Mr. DODD. Madam President, on the occasion of the Municipal Securities Rulemaking Board's, MSRB, implementation of congressionally mandated registration of municipal advisers, I would like to briefly speak on this important development. Congress in the Dodd-Frank Act of 2010 sought to enhance the regulation of the $3 trillion municipal securities market. The law expanded the authority of the MSRB in recognition of the MSRB's deep and specialized expertise, and the law expanded the mission of the MSRB to protect issuers and other municipal entities. It directed the MSRB to write rules regulating municipal advisers--persons and firms that advise municipalities and public pension funds or solicit their business on behalf of others, which includes ``financial advisers, placement agents, swap advisers'' and others. The law also reaffirmed the MSRB's authority to regulate the conduct of municipal securities dealers. At the same time, Congress required municipal advisers to exercise a higher, fiduciary standard of care to those municipal entities that seek their advice about municipal securities and other related financial matters.
During the Senate-House Conference for the Dodd-Frank Act, the conferees carefully considered and debated alternative approaches for overseeing municipal advisers and strengthening municipal securities market regulation. We recognized that the MSRB has written a comprehensive set of rules on key issues and said that the MSRB is well-equipped and experienced to write rules regulating participants in the municipal markets. Over the past decades, the MSRB has accumulated knowledge and hired specialized expertise to write rules regulating the complex and varied municipal securities market. In addition, the Banking Committee in its report, S. Report No. 111-176 accompanying S. 3217, said that the MSRB is in the best position to assure that rules are consistent with other rules governing the municipal markets.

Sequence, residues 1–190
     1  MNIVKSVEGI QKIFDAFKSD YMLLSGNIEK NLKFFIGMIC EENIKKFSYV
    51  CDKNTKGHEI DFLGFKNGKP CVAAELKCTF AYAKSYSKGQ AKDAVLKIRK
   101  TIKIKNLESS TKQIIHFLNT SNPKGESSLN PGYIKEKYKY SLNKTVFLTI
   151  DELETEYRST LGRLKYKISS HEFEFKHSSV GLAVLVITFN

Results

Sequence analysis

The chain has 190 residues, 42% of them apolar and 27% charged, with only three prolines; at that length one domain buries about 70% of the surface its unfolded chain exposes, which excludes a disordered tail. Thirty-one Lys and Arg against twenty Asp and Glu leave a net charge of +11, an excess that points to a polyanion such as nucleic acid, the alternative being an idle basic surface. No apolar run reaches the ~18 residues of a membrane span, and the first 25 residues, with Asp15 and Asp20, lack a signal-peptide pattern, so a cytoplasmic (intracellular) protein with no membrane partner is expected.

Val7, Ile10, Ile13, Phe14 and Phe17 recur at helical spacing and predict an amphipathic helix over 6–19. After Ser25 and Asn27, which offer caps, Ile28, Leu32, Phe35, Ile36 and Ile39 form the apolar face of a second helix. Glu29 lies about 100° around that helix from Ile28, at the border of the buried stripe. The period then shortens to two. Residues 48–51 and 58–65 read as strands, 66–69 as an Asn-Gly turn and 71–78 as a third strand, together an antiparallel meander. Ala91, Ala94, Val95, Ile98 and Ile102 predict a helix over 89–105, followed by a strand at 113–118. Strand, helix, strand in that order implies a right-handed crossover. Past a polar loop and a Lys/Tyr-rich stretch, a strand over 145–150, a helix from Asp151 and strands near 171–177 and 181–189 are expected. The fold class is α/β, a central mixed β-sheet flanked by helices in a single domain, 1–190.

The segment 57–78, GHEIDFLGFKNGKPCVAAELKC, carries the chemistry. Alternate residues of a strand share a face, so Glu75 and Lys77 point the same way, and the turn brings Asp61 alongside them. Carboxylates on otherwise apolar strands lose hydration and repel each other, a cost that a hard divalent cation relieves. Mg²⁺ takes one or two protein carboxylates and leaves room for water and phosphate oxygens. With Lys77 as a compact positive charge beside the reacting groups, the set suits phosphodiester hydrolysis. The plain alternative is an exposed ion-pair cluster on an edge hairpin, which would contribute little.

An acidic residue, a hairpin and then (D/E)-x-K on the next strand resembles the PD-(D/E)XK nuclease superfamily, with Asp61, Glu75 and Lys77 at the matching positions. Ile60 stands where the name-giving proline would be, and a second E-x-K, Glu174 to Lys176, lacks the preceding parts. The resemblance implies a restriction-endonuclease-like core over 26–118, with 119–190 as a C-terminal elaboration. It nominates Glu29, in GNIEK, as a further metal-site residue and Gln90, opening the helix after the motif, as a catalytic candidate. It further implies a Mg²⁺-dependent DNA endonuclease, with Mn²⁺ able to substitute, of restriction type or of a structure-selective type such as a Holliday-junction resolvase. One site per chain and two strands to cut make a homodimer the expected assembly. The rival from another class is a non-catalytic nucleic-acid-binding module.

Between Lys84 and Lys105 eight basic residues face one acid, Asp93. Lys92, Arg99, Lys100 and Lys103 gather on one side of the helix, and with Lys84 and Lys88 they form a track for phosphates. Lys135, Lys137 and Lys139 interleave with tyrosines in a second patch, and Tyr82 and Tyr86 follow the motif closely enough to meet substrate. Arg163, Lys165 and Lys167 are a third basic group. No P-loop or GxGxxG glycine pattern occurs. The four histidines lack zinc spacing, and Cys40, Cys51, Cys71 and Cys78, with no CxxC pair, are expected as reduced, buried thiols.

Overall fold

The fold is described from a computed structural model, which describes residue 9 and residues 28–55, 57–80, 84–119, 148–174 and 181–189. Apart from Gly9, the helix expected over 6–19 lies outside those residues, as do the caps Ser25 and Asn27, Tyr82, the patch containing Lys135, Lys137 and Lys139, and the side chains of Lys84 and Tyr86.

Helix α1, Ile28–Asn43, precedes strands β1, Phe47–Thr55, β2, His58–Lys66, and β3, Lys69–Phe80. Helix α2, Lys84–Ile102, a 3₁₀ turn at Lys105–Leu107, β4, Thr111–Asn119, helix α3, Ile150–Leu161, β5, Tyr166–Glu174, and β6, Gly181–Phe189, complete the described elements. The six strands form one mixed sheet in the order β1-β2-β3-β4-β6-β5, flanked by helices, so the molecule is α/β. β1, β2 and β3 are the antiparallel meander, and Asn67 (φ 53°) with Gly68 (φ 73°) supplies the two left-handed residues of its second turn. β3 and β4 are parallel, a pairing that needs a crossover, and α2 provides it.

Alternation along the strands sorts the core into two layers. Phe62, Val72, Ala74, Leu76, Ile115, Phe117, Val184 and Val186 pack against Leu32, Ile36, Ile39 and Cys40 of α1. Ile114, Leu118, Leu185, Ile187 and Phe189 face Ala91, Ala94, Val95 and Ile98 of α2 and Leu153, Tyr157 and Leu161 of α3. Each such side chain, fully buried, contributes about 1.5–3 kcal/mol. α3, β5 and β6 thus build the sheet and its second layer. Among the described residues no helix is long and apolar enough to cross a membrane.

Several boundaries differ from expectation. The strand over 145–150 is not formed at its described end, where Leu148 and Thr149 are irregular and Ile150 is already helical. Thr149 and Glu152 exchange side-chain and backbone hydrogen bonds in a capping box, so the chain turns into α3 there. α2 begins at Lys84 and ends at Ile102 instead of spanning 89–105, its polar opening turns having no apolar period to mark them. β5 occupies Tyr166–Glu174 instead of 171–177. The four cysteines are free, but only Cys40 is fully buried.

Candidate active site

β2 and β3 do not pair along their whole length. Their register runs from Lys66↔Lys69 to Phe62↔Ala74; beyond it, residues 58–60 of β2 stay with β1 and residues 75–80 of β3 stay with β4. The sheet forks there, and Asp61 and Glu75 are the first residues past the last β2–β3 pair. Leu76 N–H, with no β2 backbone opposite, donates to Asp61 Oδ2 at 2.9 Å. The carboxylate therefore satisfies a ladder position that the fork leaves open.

Under the new law, the MSRB is expected to develop a robust system of regulation for intermediaries, including swap advisers, as it has for dealers. Swap advisers were specifically identified in the statute and made subject to MSRB rulemaking. The financial press has reported about State and local governments that received bad advice from advisers and entered into swaps and other derivatives that they did not fully understand, that are not performing as promised, and that are now costing them tremendous amounts to unwind. Those swaps are often tied to municipal securities issued by those same State and local governments and Congress recognized the experience of the MSRB in the regulation of the municipal markets.
The act, which authorizes MSRB regulation over municipal advisers, has limited exceptions, including an exception for commodity trading advisers registered under the Commodity Exchange Act or their associated persons who provide advice related to swaps. This exception covers swap dealers and major swap participants regulated by the CFTC. It does not extend to independent swap advisers or other types of municipal advisers not explicitly exempted, which are meant to be subject to the MSRB rules. I expect that the regulators of municipal swaps advisers would adopt rules governing advisory practices that are consistent with each other as well as relevant and appropriate for the municipal markets. Thus, municipal swaps advisers would be subject to practice rules embodying common principles, since they have the same types of clients.